“People want information, inspiration and conversation [when they use digital media]. Jesus calls us to radical service. New media gives us the tools to reach out to people more effectively. Now, we must be inspiring, get excited about what we are doing and tell our story,” said Warner.

The conference also included presentations on “The Five Secrets to Evangelizing Online” and “The Game Plan” — ways that participants can apply the lessons leaned that day, along with a question-and-answer session.

During the conference, Father Paul Manning, St. Paul’s executive director and diocesan vicar for evangelization, suggested that the event dovetails with the mission of the diocesan evangelization center: to be “a leader, model and catalyst for the New Evangelization, inspiring people of all ages, backgrounds, beliefs, professions and perspectives” to a deeper relationship with Jesus and “to find a place in the Church.”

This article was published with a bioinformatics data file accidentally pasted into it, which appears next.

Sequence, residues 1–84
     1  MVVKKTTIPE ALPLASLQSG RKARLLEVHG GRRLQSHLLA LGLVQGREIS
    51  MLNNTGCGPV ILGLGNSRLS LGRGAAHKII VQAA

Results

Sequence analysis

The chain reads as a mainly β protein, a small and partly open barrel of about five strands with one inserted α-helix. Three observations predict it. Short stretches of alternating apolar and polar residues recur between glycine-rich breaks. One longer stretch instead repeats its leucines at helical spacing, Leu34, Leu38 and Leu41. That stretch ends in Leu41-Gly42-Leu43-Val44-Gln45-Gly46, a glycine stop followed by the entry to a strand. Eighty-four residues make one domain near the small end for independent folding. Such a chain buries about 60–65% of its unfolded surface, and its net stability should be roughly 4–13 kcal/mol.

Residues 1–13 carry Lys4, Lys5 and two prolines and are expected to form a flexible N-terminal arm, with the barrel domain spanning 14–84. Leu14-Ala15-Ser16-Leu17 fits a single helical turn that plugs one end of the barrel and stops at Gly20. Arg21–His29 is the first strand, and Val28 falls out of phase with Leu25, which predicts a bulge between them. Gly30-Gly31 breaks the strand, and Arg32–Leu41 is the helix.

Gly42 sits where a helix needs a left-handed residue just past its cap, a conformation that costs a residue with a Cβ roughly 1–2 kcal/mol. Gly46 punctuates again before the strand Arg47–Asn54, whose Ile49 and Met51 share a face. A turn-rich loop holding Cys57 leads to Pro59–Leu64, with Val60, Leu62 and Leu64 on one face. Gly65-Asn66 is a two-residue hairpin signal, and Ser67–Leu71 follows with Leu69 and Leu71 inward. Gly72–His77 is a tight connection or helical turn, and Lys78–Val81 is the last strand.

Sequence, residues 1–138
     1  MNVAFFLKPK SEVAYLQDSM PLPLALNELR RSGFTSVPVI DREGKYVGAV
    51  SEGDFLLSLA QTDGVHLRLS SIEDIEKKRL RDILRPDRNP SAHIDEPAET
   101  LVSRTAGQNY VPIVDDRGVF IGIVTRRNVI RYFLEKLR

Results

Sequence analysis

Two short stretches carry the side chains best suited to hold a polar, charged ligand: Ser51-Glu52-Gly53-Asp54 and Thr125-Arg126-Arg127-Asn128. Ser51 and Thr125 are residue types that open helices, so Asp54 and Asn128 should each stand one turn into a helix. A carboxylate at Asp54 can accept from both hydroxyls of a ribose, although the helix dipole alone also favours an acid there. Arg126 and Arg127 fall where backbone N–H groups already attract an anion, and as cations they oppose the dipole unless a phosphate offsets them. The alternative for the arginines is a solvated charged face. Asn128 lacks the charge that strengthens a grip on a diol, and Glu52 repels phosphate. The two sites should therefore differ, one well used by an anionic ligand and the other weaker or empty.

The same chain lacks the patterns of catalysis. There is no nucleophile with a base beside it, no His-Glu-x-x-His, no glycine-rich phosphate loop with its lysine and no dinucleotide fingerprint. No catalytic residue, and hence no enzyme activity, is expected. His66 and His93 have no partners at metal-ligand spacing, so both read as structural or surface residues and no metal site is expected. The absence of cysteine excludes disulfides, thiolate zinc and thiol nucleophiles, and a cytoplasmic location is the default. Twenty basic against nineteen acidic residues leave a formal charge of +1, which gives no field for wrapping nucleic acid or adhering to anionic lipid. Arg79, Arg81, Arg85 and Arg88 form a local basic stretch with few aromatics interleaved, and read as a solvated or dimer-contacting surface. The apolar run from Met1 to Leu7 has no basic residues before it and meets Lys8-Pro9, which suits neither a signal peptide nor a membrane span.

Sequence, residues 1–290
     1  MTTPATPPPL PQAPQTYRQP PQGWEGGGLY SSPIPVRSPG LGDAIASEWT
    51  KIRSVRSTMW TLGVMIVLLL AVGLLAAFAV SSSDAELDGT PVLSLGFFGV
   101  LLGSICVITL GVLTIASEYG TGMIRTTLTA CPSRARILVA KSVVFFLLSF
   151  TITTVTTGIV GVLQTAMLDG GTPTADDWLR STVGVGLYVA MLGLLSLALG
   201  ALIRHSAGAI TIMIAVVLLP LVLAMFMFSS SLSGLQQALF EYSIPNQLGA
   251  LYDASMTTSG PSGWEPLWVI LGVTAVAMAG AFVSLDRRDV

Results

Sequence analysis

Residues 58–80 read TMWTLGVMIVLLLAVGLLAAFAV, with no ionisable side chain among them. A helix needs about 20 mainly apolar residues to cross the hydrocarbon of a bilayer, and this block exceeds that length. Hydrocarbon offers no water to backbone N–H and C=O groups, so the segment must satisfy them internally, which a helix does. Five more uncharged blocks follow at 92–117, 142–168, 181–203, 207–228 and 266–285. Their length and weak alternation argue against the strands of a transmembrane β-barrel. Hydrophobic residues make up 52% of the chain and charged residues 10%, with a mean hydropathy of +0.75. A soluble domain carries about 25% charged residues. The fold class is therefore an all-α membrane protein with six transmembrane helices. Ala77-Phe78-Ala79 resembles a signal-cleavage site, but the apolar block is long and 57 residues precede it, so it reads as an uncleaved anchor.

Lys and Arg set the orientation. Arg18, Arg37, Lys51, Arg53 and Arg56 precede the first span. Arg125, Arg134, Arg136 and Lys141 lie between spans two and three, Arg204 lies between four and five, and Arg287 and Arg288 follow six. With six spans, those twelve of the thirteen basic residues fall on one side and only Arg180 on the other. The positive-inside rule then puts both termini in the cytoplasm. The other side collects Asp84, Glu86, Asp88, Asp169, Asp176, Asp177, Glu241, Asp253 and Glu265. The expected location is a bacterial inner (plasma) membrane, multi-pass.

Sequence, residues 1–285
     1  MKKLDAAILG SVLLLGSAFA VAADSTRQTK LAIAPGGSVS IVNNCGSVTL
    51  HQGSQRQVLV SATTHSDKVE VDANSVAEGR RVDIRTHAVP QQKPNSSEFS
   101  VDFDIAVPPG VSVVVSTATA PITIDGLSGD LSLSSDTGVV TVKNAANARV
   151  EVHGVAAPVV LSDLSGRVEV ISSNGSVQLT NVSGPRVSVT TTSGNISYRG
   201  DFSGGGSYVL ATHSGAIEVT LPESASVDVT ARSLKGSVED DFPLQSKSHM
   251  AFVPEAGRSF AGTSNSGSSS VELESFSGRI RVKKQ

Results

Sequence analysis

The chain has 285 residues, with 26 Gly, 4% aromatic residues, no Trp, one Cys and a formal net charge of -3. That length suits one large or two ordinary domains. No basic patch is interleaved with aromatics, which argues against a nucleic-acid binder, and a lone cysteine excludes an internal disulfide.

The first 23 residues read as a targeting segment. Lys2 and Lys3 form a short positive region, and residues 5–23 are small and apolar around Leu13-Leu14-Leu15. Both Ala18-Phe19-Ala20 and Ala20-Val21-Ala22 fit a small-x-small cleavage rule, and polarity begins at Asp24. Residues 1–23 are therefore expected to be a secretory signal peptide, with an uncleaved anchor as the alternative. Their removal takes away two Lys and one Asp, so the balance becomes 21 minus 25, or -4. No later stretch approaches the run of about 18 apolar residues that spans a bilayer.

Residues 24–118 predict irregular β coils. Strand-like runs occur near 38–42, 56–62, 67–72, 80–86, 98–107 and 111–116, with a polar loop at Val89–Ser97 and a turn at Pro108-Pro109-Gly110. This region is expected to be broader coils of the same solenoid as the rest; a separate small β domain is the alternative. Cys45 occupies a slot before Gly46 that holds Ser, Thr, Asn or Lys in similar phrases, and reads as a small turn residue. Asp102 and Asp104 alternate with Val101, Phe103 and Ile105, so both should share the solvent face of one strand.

“Pope Benedict XVI encouraged Catholics to share the saving truth of Jesus with the tools available,” said Father Manning, who noted that St. Paul’s plans to hold a follow-up session to “The Digital Church” for parishes and other Catholic organizations.

Read the full article at http://www.evergreeneditions.com/article/Catholics+Learn+How+To+Use+New+Media+To+Evangelize+At+Conference/1951378/249701/article.html.